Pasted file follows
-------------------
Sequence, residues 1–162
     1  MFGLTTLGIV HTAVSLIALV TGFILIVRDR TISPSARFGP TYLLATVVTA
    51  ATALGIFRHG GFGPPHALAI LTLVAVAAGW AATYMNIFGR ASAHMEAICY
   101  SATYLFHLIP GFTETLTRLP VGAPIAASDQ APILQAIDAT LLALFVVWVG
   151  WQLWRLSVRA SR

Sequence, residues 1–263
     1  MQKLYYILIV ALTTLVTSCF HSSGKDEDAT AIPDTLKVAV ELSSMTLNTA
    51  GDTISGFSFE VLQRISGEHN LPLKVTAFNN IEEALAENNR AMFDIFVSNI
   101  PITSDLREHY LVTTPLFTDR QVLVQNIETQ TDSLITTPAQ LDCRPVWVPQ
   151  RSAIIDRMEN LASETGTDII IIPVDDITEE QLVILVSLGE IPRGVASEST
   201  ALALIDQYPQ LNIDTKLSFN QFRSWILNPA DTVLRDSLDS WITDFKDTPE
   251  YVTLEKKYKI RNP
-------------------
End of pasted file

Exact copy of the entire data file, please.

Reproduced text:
Sequence, residues 1–162
     1  MFGLTTLGIV HTAVSLIALV TGFILIVRDR TISPSARFGP TYLLATVVTA
    51  ATALGIFRHG GFGPPHALAI LTLVAVAAGW AATYMNIFGR ASAHMEAICY
   101  SATYLFHLIP GFTETLTRLP VGAPIAASDQ APILQAIDAT LLALFVVWVG
   151  WQLWRLSVRA SR

Sequence, residues 1–263
     1  MQKLYYILIV ALTTLVTSCF HSSGKDEDAT AIPDTLKVAV ELSSMTLNTA
    51  GDTISGFSFE VLQRISGEHN LPLKVTAFNN IEEALAENNR AMFDIFVSNI
   101  PITSDLREHY LVTTPLFTDR QVLVQNIETQ TDSLITTPAQ LDCRPVWVPQ
   151  RSAIIDRMEN LASETGTDII IIPVDDITEE QLVILVSLGE IPRGVASEST
   201  ALALIDQYPQ LNIDTKLSFN QFRSWILNPA DTVLRDSLDS WITDFKDTPE
   251  YVTLEKKYKI RNP